Ella and Mrs Gooseberry

Ella and Mrs Gooseberry

Ella and Mrs Gooseberry









Ella and Mrs Gooseberry

Vikki Conley

Penelope Pratley

EK Books, 2019

32pp., hbk., RRP $A24.99


When Mrs Gooseberry was in her front yard she always seemed grumpy, slamming her door and making the children afraid to ask for their ball when they accidentally kick it into her yard.  But when Ella, who lived next door, saw Mrs Gooseberry in her backyard, it was a different story.  She had a lovely vegetable garden  and chickens that she talked to and she seemed happy.  Confused, Ella asks her mum how a person could be grumpy in their front yard yet happy in the back and she learns that Mrs Gooseberry has “lost her love.” That confuses her even more because she didn’t know that you could lose love and whether it might be found again.

She asks the important adults in her life what love is and gets a different answer from each one, and gradually realises that love can be many things. When she sees her cat’s kittens snuggling into their mother’s warm tummy, she has an idea…

This is a charming story that will help young readers understand that love can take many forms and it doesn’t always have to be encased in the words, “I love you.”  It can be expressed in the things we do (or don’t do); the way we look at and treat others; the care we take; the extra gestures or actions we make… It is an ideal way for them to start thinking about how those who are important to them show their love and how they reciprocate those feelings.  It cries out for an activity where children inscribe one side of a heart with “My —— loves me because —–” and the other side with “I love —– because —-” where the blanks are filled with the little personal things that show love without being words.  Apart from raising awareness of how they are loved, it might also inspire them to think of new ways to express their love such as cleaning their room or doing the dishes so the adults have one less thing to do. And perhaps it might show those who think they have lost their love, that they haven’t – it’s just in a different shape now.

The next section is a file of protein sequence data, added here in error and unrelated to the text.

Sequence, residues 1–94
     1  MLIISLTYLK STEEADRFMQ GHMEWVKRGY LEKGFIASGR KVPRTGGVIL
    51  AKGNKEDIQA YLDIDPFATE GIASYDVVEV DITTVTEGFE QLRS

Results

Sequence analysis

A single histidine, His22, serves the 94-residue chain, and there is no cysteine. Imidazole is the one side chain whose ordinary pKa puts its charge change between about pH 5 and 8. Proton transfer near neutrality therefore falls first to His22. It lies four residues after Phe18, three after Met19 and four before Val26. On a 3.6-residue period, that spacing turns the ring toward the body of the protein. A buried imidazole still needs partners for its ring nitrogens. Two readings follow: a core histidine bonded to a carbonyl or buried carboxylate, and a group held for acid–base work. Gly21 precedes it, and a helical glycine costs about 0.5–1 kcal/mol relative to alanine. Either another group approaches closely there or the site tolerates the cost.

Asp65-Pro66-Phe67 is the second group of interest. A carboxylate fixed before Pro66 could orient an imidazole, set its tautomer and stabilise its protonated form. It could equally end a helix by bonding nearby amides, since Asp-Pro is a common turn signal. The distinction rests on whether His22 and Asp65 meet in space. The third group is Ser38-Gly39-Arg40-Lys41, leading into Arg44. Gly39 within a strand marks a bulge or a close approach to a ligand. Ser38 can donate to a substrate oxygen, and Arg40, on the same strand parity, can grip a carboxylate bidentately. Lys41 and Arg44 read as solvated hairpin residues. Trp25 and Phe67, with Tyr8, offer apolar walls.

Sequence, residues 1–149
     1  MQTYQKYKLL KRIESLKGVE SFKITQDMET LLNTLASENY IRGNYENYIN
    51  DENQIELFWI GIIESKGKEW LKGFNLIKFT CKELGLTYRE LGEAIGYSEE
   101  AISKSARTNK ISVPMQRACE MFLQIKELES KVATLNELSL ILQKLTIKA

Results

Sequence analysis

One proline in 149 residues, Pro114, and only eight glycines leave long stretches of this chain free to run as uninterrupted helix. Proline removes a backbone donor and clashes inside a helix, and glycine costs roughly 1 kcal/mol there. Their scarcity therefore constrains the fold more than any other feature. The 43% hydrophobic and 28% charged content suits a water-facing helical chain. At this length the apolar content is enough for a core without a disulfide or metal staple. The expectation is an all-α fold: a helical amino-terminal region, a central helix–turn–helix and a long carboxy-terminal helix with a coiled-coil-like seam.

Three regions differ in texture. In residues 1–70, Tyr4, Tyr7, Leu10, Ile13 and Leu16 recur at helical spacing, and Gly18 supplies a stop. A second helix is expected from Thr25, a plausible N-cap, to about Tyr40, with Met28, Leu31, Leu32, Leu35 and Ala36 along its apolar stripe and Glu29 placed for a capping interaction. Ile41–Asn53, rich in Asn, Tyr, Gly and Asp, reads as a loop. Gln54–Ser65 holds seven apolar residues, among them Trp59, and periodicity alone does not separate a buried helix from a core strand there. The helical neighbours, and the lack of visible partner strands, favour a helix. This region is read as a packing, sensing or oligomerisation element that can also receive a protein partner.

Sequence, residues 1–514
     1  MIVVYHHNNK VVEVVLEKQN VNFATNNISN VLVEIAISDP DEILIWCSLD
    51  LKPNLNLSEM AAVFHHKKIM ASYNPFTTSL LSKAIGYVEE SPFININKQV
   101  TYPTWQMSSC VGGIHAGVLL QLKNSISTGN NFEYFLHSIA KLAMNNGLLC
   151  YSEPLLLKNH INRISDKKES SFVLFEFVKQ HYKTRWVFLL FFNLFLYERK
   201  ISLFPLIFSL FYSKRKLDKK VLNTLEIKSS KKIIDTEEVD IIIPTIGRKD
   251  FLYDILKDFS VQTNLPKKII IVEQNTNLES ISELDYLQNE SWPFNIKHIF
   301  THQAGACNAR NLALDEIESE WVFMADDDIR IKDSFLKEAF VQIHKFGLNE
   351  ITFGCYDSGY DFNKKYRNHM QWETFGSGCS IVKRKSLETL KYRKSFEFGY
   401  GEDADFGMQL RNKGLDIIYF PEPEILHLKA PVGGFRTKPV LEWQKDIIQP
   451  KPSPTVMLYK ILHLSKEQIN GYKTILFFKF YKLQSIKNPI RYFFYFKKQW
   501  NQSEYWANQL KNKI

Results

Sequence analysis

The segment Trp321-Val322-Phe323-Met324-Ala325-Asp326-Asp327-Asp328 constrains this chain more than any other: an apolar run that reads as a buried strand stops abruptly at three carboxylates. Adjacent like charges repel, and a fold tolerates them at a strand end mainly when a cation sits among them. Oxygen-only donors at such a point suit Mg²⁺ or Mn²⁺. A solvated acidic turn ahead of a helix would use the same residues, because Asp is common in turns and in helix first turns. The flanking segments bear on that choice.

Rabbit’s Hop: A Tiger & Friends book

Rabbit's Hop

Rabbit’s Hop









Rabbit’s Hop

Alex Rance

Shane  McG

Allen & Unwin, 2019 

32pp., hbk., RRP $A19.99


Jack Rabbit loved Rabbit Island. He loved his friends and family and all the little rabbits. He loved being the best at hopping and chomping and (nearly the best) at zigzagging. As he taught the little rabbits to hop and chomp and zigzag, he encouraged them to be kind, work hard and enjoy themselves, a mantra that he finds himself putting into practice as he makes his way from his comfort zone of Rabbit Island to the unknown of Big Island at the invitation of his cousin Roo.

This is an entertaining tale that encourages young readers to have the confidence to take risks and explore a world wider than the one they know. A sequel to Tiger’s Roar it continues the positive message of self-belief, unselfishness and perseverance that young readers need to hear and see in practice.  And to add a twist, a series of letters from the key characters on the final page sets up the series for its next episode.  

Just a happy, charming series about friendships and our dependence on one another to be our best selves.


100 Ways to Make the World Better

100 Ways to Make the World Better

100 Ways to Make the World Better









100 Ways to Make the World Better

Lisa M. Gerry

National Geographic Kids. 2019

256pp., pbk., RRP $A19.99


From something as manageable as forgiving someone or leaving a complimentary note in their locker to more complex ideas such as taking a First Aid class or letting your trash be someone else’s treasures, this is a small book full of big ideas about how to make the world a better place both physically and emotionally. 

With philosophy such as being the kind of friend you’d like to have and being inclusive, it covers personal issues that can help the individual be more calm, more mindful and more responsive to their world while also taking actions that can help shape the world into what they want it to be.   Ideas are presented as simple concepts with engaging graphics and photographs, and many are followed by detailed supporting information, including advice from Nat Geo explorers, interviews with experts and weird but true facts. readers can get a sense of their own power to make a difference and an understanding of what actions contribute to positive outcomes and how they can change things by themselves.

While journalling and personal challenges are becoming a popular way to have students focus on the positives and support their mental health, sometimes knowing where to start can be overwhelming so this could be used to guide that journey by having students set themselves the 100 tasks over the school year, and help them structure their progress that way as they work their way through them. They might also have spaces for another 20 ways they discover that are not mentioned in the book and these could be added to a class wall chart to inspire others to look more widely.